Johann Wolfgang von Goethe, Italian Journey (1786-1788),
translated by W.H. Auden & Elizabeth Mayer
Schocken Books, New York, 1968
November 9, 1786
Sometimes I stand still for a moment and survey, as it were, the high peaks
of my experiences so far. I look back with special joy to Venice, that great
being who sprang from the sea like Pallas from the head of Jupiter. In Rome
the Pantheon, so great within and without, has overwhelmed me with admiration.
St. Peter's has made me realize that Art, like Nature, can abolish all standards
of measurement. The Apollo Belvedere has also swept me off my feet. Just as
the most accurate drawings fail to give an adequate idea of these buildings, so
plaster casts, good as some I have seen are, can be no subsitute for their marble originals. (p. 123)
December 3, 1786
Till now the weather has followed a six-day cycle two cloudless days,
one overcast day, two or three wet days and then again fine weather. I try to make best
use I can of each one of them.
The noble objects with which I am surrounded never lose their freshness
for me. I did not grow up with them. I have not wrung from each its peculiar secret.
Some attract me so powerfully that, for a while, I become indifferent, even unjust,
to fully that, for a while, I become indifferent, even unjust, to others. For example,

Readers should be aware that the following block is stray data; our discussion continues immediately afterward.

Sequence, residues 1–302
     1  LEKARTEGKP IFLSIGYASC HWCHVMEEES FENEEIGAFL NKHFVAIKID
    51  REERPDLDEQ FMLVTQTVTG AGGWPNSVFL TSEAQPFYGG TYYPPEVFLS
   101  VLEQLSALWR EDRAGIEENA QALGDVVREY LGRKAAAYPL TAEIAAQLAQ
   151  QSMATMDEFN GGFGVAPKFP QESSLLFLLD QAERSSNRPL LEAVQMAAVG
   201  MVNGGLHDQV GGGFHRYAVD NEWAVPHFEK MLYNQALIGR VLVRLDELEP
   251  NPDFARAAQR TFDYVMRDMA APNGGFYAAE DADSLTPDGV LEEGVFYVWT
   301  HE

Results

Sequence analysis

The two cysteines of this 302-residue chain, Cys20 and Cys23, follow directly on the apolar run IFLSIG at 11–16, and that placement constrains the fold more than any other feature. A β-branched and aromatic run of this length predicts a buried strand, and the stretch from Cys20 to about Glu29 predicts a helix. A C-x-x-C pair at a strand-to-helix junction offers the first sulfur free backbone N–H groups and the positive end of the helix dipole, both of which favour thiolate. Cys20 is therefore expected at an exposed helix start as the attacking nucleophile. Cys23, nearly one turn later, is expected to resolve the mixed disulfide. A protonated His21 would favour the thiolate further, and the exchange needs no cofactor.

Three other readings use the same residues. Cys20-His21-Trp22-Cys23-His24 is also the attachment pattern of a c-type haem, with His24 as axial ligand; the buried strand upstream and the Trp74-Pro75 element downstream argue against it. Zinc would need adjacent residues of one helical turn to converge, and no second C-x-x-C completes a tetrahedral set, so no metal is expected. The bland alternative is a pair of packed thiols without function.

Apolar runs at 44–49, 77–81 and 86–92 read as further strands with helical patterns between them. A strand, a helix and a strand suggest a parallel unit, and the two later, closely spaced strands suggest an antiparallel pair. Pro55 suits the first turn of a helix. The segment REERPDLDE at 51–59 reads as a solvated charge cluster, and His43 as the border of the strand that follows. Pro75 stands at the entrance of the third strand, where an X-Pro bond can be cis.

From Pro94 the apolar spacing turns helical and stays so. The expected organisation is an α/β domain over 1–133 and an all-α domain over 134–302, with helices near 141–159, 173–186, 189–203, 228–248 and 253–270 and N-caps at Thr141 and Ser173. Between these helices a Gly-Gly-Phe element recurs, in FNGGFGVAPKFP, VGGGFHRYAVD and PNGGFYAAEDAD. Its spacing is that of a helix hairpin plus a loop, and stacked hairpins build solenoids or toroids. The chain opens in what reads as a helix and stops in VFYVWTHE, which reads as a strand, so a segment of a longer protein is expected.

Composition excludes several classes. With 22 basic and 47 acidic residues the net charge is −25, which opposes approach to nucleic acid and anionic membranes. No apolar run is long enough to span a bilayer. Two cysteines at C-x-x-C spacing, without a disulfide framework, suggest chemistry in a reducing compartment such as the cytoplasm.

the Pantheon, the Apollo Belvedere, one or two colossal heads and, recently,
the Sistine Chapel have so obsessed me that I see almost nothing else. But how can
we, petty as we are and accustomed to pettiness, ever become equal to such noble
perfection? Even when one has adjusted oneself to some degree, a tremendous mass
of new things crowd in on one, facing one at every step, each demanding the tribute
of one's attention. How is one to find one's way through? Only by patiently allowing
it all to grow slowly inside one, and by industriously studying what others have
written for one's benefit.
I immediately bought the new edition of Winckelmann's History of the Art
of Antiquity, translated by Fea. Read on the spot where it was written and with an
able and learned company to consult, I find it a great help.
Roman antiquity is beginning to give me about as much pleasure as Greek.
History, inscriptions, coins, in which hitherto I took no interest, are forcing